The pandemic wave, beginning in March 2020, overwhelmed the available ICU beds in Italy. As a result, different strategies were needed for ventilating patients with respiratory failure due to COVID-19 pneumonia, particularly the elderly and uncooperative patients owing to hypoxic agitation [1]. We believe that dexmedetomidine would be an excellent auxiliary medication to ketamine for sedation in ventilated patients because they have complementary and synergistic effects. Therefore, we conducted this retrospective study to evaluate the safety and efficacy of the ketamine–dexmedetomidine (keta-dex) combination compared to ketamine or dexmedetomidine alone for sedation of agitated patients during non-invasive ventilation.

2. Materials and Methods

This retrospective observational, multi-center study included patients sedated with the keta-dex combination and patients sedated with either ketamine or dexmedetomidine during non-invasive ventilation or CPAP due to acute respiratory distress from COVID-19 pneumonia between 1 March and 30 April 2020. Data were obtained from five emergency departments in Italy: Turin, Forli, Cesena, Savona, and Milan. Patients were included in the study if they (1) were 18 years or older, (2) were diagnosed with acute respiratory distress due to COVID-19 pneumonia, (3) required non-invasive ventilation or CPAP, and (4) were sedated with the ketamine–dexmedetomidine combination, ketamine, or dexmedetomidine during non-invasive ventilation. To avoid selection bias, we excluded patients with severe respiratory failure (i.e., P/F < 100 in 100% oxygen therapy).
Patients were grouped based on sedation with the ketamine–dexmedetomidine combination (KETA-DEX group), ketamine (KET group), or dexmedetomidine (DEX group).
The following parameters were evaluated: agitation during ventilation at 30 min and 60 min, tolerance to the ventilation mask or helmet, sedation level, adverse effect of any kind, and discontinuation or mortality during ventilation.
The Richmond Agitation-Sedation Scale (RASS) is a validated assessment tool for determining the sedation depth in critical patients [17]. It is a ten-point scale with positive values for agitation and negative values for reduced arousal levels. The RASS was used to assess sedation levels after 10, 30, and 60 min and every hour thereafter throughout the ventilation period. In addition, age, sex, and vital sign (heart rate, blood pressure, respiratory rate, and oxygen saturation) data were collected.
The centers participating in the study are national reference centers for procedural sedation, where physicians belonging to the Italian society of emergency-urgency medicine (SIMEU) group in sedation and analgesia in emergencies (SAU) work with a sedation registry.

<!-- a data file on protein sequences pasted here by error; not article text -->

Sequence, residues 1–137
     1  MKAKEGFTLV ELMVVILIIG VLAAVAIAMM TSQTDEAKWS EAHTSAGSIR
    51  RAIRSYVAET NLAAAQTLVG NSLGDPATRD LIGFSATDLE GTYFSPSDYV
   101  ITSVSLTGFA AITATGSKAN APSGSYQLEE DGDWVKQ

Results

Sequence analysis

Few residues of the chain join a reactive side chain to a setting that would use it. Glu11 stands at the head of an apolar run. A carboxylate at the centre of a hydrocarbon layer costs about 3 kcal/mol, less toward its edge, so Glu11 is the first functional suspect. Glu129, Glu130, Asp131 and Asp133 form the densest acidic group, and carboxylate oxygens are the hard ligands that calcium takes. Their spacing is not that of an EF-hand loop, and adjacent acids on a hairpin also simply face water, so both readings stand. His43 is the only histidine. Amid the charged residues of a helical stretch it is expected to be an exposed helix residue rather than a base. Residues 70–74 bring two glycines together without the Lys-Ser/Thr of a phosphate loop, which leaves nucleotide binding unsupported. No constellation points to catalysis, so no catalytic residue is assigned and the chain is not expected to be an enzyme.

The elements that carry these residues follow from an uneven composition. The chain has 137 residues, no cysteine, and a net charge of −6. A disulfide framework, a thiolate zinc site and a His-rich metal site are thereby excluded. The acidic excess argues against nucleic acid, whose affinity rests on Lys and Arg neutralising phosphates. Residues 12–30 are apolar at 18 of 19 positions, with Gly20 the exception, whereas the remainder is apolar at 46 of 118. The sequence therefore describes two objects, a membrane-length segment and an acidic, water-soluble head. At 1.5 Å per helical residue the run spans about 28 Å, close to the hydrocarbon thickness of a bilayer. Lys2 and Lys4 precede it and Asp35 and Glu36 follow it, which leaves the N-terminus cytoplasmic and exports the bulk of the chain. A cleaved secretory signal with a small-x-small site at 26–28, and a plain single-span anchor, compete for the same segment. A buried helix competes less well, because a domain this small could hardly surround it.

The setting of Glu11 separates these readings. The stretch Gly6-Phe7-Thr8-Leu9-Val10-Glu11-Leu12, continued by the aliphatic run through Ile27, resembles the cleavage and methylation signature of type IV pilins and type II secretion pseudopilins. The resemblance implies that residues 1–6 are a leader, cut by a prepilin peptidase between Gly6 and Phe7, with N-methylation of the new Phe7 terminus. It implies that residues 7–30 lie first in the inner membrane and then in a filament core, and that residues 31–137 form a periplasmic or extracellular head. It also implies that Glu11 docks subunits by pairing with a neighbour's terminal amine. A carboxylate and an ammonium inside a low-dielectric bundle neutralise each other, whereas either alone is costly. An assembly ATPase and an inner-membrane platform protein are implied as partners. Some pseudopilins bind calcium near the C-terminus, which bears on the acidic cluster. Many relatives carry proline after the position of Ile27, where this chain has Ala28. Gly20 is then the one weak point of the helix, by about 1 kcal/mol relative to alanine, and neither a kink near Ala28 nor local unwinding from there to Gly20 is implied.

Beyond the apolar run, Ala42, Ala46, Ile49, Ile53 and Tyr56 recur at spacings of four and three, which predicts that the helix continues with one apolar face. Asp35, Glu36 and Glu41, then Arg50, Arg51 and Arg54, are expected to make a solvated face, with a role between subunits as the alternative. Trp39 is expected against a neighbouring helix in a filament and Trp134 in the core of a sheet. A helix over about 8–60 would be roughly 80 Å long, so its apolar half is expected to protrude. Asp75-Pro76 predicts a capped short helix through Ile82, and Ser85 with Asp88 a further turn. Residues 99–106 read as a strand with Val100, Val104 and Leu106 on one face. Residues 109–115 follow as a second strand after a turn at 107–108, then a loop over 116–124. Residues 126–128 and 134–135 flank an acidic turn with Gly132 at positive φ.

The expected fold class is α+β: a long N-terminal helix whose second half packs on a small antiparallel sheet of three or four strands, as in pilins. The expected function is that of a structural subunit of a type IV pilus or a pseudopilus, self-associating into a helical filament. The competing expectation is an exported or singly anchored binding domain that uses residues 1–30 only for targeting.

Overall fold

The study did not require an ethics committee evaluation as sedation was determined by an experienced physician for clinical purposes only and data recording was conducted completely anonymously.
Data were analyzed using the statistical functions of Microsoft Excel 365 (2023). Numerical data were expressed as means, and categorical data were expressed as frequencies (percentages). Chi-square tests were performed to examine the relationship between categorical variables. Statistical significance was defined at a p-value < 0.05.

3. Results

A total of 66 uncooperative patients with acute respiratory distress due to COVID-19 pneumonia who underwent sedation with the ketamine–dexmedetomidine combination, ketamine, or dexmedetomidine for non-invasive ventilation were included in the study (Table 1). The KETA-DEX group included 22 patients (13 females, 9 males, mean age of 78.33 years) who received ketamine (1 mg/kg, followed by 1 mg/kg/h) and dexmedetomidine (0.7 mcg/kg, followed by 0.7 mcg/kg/h). The DEX group included 22 patients (12 females, 10 males, mean age of 77.21 years) who were sedated with dexmedetomidine alone (0.7 mcg/kg in 10 min, followed by 0.7 mcg/kg/h up to 2 mcg/kg/h). In the DEX group, the infusion rate was increased in 47% of patients, reaching the maximum infusion rate of 2 mcg/kg/h in 28% of patients. The KET group consisted of 22 patients (13 females, 9 males, mean age of 79.41 years) who were sedated with ketamine alone (1 mg/kg, followed by 1 mg/kg/h). Standard dosages of the drugs were chosen based on international references.